St Patrick's day thoughts on Irish food & hospitality
|A table set for a St Patrick's night dinner|
Something Ireland has in abundance.
Soft, constant rain.
The Gulf Stream brings warm water up the Atlantic to the west coast of Ireland, ensuring the winters are never truly harsh, but it also ensures that the weather systems making landfall on that coast are well and truly water-laden. Cool air off the mountains condenses the water, which then falls as rain. It’s not great news for tourism, but it makes for fantastic agriculture.
The abundance of water is responsible, too, for the linen industry. Both the growing of flax and the weaving of linen demand vast water resources. It’s hardly surprising that Irish linen has become synonymous with finesse and luxury where table coverings are concerned. Like Knaresborough's near me, Irish mills once produced bedding for the British Royal Family. Unlike Knaresborough’s, though, their industry has survived and is now growing again, thanks to its reputation for luxury.
It was Irish monks that developed the pot still, and Irish distillers taught the Scots to make whiskey (losing an ‘e’ in the process). The Irish, too were pioneers of gin-making. The refinement to the column still that allowed distillers to produce a smooth, dry gin was patented by a Cork exciseman, Aeneas Coffey. The current gin boom has brought new life to Irish distilling, but they are focused on carefully made spirits, rather than falling into the trap of adding ever more alarming colours, flavourings and sweeteners. Distilling, of course, is another activity dependent on a plentiful supply of clean water, and the sphagnum moss turf that covers much of Ireland serves to filter rainwater, ensuring streams and river systems are clean and clear.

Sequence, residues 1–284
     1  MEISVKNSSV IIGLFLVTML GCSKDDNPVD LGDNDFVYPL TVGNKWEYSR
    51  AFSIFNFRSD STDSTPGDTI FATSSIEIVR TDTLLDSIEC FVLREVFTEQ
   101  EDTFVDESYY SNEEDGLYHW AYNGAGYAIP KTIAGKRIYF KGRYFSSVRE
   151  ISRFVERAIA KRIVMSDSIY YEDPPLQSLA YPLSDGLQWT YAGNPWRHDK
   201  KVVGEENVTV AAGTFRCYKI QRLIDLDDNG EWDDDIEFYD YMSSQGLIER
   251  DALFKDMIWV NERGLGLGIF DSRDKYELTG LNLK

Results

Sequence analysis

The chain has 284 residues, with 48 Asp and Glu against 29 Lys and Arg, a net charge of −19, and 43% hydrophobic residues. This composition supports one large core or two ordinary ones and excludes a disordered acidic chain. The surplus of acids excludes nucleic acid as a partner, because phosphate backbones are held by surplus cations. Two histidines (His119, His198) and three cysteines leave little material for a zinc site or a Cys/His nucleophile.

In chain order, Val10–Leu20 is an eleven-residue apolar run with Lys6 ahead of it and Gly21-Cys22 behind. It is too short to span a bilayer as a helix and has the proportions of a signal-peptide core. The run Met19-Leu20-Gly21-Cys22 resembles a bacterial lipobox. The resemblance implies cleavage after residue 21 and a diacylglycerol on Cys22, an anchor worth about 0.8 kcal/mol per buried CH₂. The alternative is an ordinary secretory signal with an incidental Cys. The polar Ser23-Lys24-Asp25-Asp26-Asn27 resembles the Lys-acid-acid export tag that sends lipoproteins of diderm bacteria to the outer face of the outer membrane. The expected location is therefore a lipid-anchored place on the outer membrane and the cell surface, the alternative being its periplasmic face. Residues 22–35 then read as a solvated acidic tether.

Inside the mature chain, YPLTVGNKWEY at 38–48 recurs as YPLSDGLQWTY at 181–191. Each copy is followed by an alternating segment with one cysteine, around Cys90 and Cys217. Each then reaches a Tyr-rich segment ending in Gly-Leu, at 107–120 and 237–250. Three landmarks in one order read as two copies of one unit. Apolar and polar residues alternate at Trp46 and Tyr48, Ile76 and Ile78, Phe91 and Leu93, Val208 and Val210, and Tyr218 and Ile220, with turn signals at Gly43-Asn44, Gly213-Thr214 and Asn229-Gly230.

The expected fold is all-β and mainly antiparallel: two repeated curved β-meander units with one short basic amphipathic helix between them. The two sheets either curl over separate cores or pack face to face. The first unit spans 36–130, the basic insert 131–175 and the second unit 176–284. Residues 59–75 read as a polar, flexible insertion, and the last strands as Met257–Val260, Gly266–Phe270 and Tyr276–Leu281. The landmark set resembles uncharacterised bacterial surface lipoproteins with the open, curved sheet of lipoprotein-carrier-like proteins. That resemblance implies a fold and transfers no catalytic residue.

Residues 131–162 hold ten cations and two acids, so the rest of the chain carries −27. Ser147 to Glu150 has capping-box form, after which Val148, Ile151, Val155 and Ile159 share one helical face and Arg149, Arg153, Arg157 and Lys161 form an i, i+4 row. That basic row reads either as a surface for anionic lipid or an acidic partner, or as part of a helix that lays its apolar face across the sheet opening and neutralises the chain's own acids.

The Atlantic rain may have given rise to Ireland's culinary culture, but Irish spirit brought beauty to the table, marrying hospitality with art. This St Patrick’s day, why not have some friends round? Make yourself some good, home-cooked food and break open a bottle or two of something sociable. Reminisce, tell family stories, put on your favourite music and share the love. It’ll feel altogether more Irish than drinking a pint you don’t like in a pub that’s too crowded for comfort and too loud to make conversation. You can wear the daft hat, though, if you like: at least it'll keep the rain off!
Next time: recipes from our Grandmothers